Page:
Vermilionville’s Sunday Afternoon Dance

Bal du Dimanche with Sheryl Cormier & Cajun Sounds

When: 20-Jul-20141:00 p.m. – 4:00 p.m.
Where: Vermilionville Performance Center
Come dance the afternoon away at Vermilionville’s Performance Center with Sheryl Cormier & Cajun Sounds. Admission is $10 and refreshments will be available for this smoke-free family-friendly event. For more information call (337) 233-4077.

Sheryl Cormier is the queen of Cajun Accordion and Cajun Music. The oldest of four children, Cormier grew up surrounded by Cajun music. Her father was the leader of the Sunset Playboys, a band that included her mother on drums. Learning to play the Cajun accordion at age seven, Cormier performed with her parents’ group throughout her teens. Although she left the band when she got married, she continued to play occasionally with the group as well as with other similar bands. As a bandleader, Cormier assembled a group that featured her husband, Russell, on vocals and son Russell, Jr. on drums.

When Sheryl Cormier was honored March 9, 2002, as a “Living Legend” at the Acadian Museum’s Café in Erath, Kermit Bouillion, museum program director, described her many accomplishments. In an environment that used to be almost totally dominated by men, Sheryl Cormier was the first Cajun female musician to record playing the accordion, but her achievements go far beyond that.

Known as “La Reine de la Musique Cadienne,” Cormier was born in Grand Couteau. The family subsequently moved to Sunset. Her father, a sharecropper, played the accordion, and her mother played drums. When she was seven, Sheryl began to learn to the play her father’s accordion while he was working in the fields. Initially, he did not approve, but eventually, Sheryl began performing occasionally in her father’s band, Andrew Guilbeau and the Sunset Playboys. In an interview with Dominick Cross published in the Baton Rouge Advocate in 1997, Sheryl Cormier described the importance of these early memories: “It’s just a great feeling when I play. It’s just a sound that comes from the old roots. All I can say is I grew up around it.”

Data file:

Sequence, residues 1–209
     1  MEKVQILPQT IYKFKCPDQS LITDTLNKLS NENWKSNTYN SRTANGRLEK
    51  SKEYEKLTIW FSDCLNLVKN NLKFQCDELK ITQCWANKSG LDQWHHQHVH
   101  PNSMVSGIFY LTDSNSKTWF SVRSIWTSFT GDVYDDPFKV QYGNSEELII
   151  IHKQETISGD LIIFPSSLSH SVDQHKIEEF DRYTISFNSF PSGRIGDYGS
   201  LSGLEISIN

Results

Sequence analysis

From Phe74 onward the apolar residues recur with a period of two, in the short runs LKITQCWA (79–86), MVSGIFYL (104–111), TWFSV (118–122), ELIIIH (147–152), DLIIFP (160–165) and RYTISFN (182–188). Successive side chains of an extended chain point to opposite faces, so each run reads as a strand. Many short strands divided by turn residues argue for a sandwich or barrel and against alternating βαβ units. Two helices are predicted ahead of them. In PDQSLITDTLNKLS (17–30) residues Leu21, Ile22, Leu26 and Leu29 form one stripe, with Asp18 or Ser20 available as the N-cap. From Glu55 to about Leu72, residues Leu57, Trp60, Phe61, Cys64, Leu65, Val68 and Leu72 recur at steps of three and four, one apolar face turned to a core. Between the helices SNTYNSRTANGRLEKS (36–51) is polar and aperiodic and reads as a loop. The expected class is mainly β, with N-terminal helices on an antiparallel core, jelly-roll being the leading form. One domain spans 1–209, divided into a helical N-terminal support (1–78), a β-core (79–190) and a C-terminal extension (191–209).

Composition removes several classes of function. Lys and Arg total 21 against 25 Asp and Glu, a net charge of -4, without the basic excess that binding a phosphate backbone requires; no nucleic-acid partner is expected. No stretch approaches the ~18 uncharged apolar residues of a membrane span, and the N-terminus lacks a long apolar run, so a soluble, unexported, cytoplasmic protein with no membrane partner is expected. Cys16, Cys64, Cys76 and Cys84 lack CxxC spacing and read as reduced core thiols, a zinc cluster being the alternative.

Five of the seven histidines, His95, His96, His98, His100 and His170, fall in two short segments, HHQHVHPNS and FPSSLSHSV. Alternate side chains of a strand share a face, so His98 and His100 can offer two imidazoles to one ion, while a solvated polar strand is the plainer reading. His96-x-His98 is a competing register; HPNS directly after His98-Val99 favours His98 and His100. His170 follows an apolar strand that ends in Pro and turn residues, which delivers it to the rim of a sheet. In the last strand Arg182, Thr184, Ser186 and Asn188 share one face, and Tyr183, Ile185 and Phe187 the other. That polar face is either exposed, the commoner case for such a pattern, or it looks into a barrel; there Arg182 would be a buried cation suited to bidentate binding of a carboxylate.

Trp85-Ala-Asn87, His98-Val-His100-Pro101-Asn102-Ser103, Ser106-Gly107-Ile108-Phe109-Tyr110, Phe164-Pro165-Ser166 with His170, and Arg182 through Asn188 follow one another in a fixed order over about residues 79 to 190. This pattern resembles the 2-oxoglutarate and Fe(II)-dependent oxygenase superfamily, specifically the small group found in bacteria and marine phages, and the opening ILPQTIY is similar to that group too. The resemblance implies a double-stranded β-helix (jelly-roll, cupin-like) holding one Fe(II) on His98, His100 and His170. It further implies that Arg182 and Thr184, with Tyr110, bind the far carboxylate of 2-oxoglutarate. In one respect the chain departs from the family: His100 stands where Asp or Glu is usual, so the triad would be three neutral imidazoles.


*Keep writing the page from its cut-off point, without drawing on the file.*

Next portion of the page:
After she married Russell Cormier, she retired from music, but eventually she began performing again after Blackie Forestier asked her to play with his band one night in Lewisburg. Forestier eventually persuaded her to record her father’s tune, “The Guilbeau Waltz.”

By the late 1970s, she formed her own band, and for a while performed in an all-female band (with Becky Richard, Gina Forsyth, and Danish native Elsebeth Krogh). After joining with her husband and son, Russell Jr., to form Cajun Sounds, Cormier went on to record 45s and released her first album, La Reine de Musique Cadjine in 1990 on the Swallow label. Several cuts from that album are included on the CD Queen of Cajun Music, also released by Swallow.

According to Kermit Bouillion in a biographical sketch prepared for Cormier’s induction as a “Living Legend,” she says that her own accordion style has been influenced by Nathan Abshire, Aldus Roger, and Lawrence Walker.

The membership of Cajun Sounds has changed over the years, but, always at Sheryl’s side is her husband, Russell, who serves as manager and chief vocalist. Some of the numbers from the CD like “The Bottle” and “Jolie Fille” are part of the group’s standard repertoire that audiences around Louisiana and far beyond expect to hear when Sheryl Cormier and Cajun Sounds perform.

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